Finally, some element of blame must fall on our shoulders, if we do experience a resurgence of COVID-19 cases and deaths. Few states paid attention to the non-binding guidelines of safe re-opening issued by medical authorities. That is because Americans, for the most part, had had enough medical advice anyway. After three months of lock-down, many of us simply found it too difficult, or too uncomfortable, to stick with the program. After all, if the president and some governors were saying it was okay, then why not me?
We used politics to demand the re-opening of many communities before an "all clear" was sounded. States such as Texas, Montana, Utah, Arizona and California have seen virus cases spike at least 35 percent since Memorial Day weekend. We used politics again, in the side-by-side demonstrations of the last three weeks as well, and justified our stance in the name of "black lives matter."
Here in Massachusetts, where until recently, most residents were pretty good at adhering to the guidelines, things started to break down on Memorial Day weekend, as well. I passed countless outdoor parties, BBQs, and the like where throngs of people simply ignored safe distancing. At the lake, pontoon boats were packed with people, as were picnic areas.
While we won't know for another week or so if the number of states with an upsurge in new cases expands dramatically, it is a time to at least expect more bad news on the virus front. As such, investors may see some of those outsized gains that everyone has accumulated since March disappear rather rapidly.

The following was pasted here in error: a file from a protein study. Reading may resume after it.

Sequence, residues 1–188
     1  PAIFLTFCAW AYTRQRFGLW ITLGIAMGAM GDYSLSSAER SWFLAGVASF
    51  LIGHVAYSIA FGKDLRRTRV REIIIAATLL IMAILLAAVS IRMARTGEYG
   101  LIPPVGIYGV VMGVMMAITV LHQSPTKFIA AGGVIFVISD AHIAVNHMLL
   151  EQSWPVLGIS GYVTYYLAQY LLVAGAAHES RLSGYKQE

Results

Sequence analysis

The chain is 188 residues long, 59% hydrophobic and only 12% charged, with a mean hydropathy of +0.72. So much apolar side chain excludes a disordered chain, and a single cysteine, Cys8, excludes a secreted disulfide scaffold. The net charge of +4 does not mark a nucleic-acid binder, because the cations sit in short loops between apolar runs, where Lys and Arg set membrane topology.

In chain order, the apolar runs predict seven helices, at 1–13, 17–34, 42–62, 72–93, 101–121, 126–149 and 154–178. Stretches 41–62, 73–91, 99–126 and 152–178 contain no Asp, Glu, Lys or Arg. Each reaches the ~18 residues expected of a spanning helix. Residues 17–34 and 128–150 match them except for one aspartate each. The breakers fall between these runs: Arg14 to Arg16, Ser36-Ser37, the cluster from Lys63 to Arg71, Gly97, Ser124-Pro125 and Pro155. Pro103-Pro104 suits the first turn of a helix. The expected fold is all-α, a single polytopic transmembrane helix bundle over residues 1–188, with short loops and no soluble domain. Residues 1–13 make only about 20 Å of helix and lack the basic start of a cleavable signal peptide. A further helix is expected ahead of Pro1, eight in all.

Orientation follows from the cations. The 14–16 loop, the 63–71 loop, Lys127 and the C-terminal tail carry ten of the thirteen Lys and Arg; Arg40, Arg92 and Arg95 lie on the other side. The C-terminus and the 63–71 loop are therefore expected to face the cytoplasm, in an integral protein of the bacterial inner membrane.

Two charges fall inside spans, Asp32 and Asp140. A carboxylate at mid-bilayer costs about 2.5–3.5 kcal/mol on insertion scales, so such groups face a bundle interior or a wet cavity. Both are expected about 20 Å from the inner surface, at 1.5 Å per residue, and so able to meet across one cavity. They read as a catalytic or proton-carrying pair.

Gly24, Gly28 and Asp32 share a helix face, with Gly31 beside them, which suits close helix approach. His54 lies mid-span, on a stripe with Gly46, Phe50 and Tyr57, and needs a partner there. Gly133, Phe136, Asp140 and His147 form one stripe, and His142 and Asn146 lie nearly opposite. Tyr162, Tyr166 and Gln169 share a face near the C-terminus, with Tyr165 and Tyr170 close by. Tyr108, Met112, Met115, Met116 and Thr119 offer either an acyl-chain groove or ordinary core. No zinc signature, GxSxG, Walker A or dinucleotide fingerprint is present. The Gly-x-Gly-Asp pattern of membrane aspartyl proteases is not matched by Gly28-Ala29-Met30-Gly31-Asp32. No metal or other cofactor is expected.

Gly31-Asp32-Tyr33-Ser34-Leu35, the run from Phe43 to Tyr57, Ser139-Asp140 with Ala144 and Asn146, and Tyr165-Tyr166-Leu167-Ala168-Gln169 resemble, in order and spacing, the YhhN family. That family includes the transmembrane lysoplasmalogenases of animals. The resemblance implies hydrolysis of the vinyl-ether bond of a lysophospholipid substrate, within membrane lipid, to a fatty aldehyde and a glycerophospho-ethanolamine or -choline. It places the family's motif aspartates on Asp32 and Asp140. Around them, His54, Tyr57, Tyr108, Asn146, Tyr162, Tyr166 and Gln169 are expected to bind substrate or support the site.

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@theMarket: Jobs Jubilee
A funny thing happened before the market opened Friday morning. Jobless claims, which were supposed to come in at a loss of 8 million, actually did the reverse. Investors were stunned when the Department of Labor announced a gain of 2.5 million jobs. That was cause to celebrate.
Total nonfarm payrolls for the month of May revealed an overall unemployment rate of 13.3 percent, but that was a far cry from the 18.5 percent rate economists had expected. Indications from the most recent data argue that the re-opening of the economy is going far better than expected. That, combined with another $1 trillion in stimulus out of Congress that investors expect to be passed next month, sent stocks up over 2 percent on the opening.
This week, American Airlines also announced that they were planning on increasing their load capacity in July to 55 percent, which is a substantial jump from the airline's present capacity of 20 percent. Given that airlines (along with cruise ship companies) have taken the brunt of business losses during this pandemic, the news heartened the markets and also sent airline stocks in general up anywhere from 20 percent to 50 percent.